The British Government has announced a £2.3 billion fund which could unlock 100,000 new homes in areas of high demand in England.
According to Communities Secretary Sajid Javid the investment will help to fund vital physical infrastructure projects like the building of roads, bridges, energy networks and other utilities, the absence of which continues to hold house building back.
The new investment through the Housing Infrastructure Fund (HIF) aims to solve this problem and is now open for bids for local authorities across England to come forward with proposals to help get homes built faster.
Funding will also be available to help build new schools, healthcare centres and digital infrastructure to accommodate growing communities and alleviate pressure on public services.
Once proposals have been approved, it is expected that local authorities would begin building the necessary infrastructure immediately and for the homes to follow quickly afterwards.
HIF is part of the government’s wider £23 billion National Productivity Investment Fund, which targets spending on areas critical to boosting productivity, including on housing, transport and digital communications.
‘To build the homes this country needs, we need to deliver the right infrastructure in the right place at the right time. By investing in local infrastructure, we can help unlock building thousands of new homes in the areas where they are needed most. The Housing Infrastructure Fund will also make sure we have better public services in place for local communities,’ said Javid.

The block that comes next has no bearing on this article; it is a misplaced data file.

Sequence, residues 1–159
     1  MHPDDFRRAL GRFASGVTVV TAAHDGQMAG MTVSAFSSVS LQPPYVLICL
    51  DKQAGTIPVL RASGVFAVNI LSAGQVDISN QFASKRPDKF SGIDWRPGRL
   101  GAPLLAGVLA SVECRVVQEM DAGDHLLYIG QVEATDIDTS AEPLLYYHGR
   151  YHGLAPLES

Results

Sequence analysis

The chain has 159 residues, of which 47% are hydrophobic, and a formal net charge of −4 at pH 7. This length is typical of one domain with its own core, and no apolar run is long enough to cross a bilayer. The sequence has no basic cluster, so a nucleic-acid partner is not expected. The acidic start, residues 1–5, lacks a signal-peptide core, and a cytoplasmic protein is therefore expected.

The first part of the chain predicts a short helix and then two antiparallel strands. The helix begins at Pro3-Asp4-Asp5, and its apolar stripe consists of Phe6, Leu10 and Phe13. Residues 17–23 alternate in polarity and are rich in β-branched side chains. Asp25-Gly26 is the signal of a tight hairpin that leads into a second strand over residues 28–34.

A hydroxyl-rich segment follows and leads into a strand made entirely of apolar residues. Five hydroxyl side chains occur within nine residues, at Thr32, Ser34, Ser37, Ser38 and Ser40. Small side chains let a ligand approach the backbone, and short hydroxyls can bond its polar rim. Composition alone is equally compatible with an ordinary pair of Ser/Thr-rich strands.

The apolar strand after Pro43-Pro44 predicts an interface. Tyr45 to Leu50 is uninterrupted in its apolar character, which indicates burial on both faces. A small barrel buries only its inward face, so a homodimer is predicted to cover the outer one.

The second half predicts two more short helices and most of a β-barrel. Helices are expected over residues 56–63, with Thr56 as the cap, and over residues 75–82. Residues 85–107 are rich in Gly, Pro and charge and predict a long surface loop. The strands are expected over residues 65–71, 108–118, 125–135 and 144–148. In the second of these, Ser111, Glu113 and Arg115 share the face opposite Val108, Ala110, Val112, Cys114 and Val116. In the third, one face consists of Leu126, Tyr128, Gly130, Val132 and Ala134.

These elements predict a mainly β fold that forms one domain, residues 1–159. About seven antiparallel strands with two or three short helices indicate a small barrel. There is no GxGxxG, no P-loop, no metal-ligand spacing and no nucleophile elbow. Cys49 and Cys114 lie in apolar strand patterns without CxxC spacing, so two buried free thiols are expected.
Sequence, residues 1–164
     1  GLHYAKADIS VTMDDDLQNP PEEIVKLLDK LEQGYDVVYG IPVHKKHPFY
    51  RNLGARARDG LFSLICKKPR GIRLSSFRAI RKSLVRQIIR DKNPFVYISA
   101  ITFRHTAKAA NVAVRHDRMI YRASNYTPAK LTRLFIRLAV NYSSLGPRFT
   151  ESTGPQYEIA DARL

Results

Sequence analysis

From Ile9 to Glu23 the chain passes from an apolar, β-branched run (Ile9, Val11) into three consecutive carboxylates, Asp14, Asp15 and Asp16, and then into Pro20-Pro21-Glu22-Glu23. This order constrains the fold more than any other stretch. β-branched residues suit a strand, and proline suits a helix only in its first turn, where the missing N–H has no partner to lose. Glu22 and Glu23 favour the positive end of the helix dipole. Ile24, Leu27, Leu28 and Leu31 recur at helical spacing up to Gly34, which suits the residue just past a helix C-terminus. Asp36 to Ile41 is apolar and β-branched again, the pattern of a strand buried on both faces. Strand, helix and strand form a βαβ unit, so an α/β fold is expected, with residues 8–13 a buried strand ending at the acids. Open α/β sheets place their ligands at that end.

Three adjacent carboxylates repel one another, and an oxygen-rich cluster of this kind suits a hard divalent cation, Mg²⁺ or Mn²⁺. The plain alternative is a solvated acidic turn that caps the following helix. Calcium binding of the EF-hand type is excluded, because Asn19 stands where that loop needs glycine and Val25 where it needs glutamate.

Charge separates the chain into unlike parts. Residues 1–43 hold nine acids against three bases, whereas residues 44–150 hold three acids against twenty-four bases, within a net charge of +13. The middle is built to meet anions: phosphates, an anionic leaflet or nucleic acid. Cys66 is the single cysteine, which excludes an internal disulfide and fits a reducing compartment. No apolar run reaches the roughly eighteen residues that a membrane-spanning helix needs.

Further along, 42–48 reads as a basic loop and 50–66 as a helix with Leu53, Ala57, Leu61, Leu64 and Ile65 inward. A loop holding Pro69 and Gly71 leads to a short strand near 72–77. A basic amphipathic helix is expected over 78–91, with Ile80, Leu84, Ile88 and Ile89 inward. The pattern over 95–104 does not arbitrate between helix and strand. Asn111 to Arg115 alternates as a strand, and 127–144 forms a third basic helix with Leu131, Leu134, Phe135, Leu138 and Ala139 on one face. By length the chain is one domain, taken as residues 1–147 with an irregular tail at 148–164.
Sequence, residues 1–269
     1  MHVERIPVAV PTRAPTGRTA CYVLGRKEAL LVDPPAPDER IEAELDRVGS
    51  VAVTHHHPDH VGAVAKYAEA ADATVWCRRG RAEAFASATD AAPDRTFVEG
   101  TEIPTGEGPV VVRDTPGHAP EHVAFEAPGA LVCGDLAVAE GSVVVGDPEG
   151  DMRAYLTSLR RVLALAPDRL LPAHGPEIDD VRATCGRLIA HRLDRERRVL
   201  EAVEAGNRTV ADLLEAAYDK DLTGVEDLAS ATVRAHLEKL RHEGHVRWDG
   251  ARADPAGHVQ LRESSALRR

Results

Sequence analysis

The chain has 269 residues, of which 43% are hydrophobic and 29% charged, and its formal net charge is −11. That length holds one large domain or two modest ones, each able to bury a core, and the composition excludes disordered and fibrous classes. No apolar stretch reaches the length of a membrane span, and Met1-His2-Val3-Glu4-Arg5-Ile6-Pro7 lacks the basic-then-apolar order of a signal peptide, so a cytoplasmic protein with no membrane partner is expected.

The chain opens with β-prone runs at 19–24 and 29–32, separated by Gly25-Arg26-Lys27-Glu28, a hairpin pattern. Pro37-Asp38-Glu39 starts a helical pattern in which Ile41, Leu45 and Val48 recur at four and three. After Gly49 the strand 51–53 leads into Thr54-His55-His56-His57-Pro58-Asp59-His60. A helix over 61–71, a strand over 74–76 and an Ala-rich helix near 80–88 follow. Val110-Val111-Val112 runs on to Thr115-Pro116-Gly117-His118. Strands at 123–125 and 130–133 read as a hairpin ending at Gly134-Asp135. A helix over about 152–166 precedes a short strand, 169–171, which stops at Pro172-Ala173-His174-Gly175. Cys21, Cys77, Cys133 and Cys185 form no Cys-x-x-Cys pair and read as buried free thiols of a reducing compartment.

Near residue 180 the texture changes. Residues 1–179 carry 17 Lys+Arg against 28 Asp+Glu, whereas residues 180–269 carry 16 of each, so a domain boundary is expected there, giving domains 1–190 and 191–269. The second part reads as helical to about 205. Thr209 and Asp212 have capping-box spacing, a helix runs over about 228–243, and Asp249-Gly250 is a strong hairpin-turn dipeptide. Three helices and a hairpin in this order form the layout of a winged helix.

According to Lord Porter, chairman of the Local Government Authority (LGA), called for the arrangements to access the fund to be flexible, especially around different housing tenures, and that all councils can access funds to deliver housing for their communities.
‘Councils know their communities, and the places in them, best and so it’s right that approaches to invest in local infrastructure are led by local authorities,’ he said.
The funding should give local councils the opportunity to remove barriers to developments being delivered, according to Andrew Whitaker, planning director of the Home Builders Federation (HBF).
‘Direct support for critical infrastructure will not only unlock more housing, it should also help to accelerate planned developments. Local authorities that plan for growth should be supported and that will, in turn, allow house builders to get on and deliver the homes our communities so desperately need,’ he explained.
‘HIF is an important demonstration of the government’s commitment to housing, following on from the housing white paper, which sets out a strategy to fix the nation’s dysfunctional housing market,’ he pointed out.
‘The fund will support councils to step up their plans for growth, release more land for housing and get attractive, well designed homes that people want to live in built at pace and scale,’ he added.
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